Sometimes, the arguments presented by the authors seem to hurt their cause more than they help. Because an early date of the Gospels seems important to them, they point out how the book of Acts does not mention the war of 70 AD, and conclude that it must have therefore been written earlier than the year 70. Then, because Acts refers to an earlier writing (presumably the Gospel of Luke), they conclude Luke must have been written earlier yet. But they forget to mention that Luke writes very specifically about the war; thus, a historical-critical approach to the Gospel story must date Luke after 70 AD. Here’s another howler quoted from the book: “There is no mention of Jesus’ tomb ever being venerated as were those of at least fifty other prophets, later including Hanina ben Dosa. The only good explanation is that Jesus’ bones were no longer there.” Um, sorry, the only really good explanation is that Jesus was never there in the first place!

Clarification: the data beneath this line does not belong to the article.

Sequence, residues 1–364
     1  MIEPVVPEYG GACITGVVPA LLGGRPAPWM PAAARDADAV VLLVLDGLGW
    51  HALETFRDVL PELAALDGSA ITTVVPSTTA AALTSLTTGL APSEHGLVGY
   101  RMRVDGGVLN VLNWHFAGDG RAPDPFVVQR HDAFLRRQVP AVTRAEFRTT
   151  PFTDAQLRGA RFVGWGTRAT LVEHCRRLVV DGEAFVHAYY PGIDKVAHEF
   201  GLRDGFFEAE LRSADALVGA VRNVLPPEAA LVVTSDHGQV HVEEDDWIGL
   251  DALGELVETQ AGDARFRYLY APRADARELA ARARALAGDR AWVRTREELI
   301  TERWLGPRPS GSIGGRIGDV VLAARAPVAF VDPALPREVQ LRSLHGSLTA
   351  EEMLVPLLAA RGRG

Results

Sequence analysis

My opinion: By taking on the role of apologists, the authors may have relinquished some of their strongest Biblical arguments. They discuss John the Baptist, but by taking an apologetic stance, they can’t question why the Gospels would record the embarrassing story of Jesus being baptized by a competitor “for his sins” if it weren’t historically true. They mention how Paul refers to James as the brother of Jesus, but because they prefer not to emphasize the friction between Paul and the Jerusalem Christians, they cannot argue that Paul didn’t mean “brother” as a title or in a spiritual sense. They ignore the lonely cry of despair of Jesus on the cross, or any of the other human traits of Jesus in the book of Mark, such as his occasional failures. They argue that Matthew was written before Mark, presumably to defend the claims of the early church fathers, but in doing so, they destroy a valuable argument: by tracing the declining Christology of the New Testament as we step backward in time, the way current scholarship chronologically orders the books of the New Testament, we aim straight for a human Jesus.

Finally, let me say it one more time for emphasis, because I realize I came down pretty hard on the book. I really enjoyed it! It just falls flat of its stated purpose by trying to prove too much.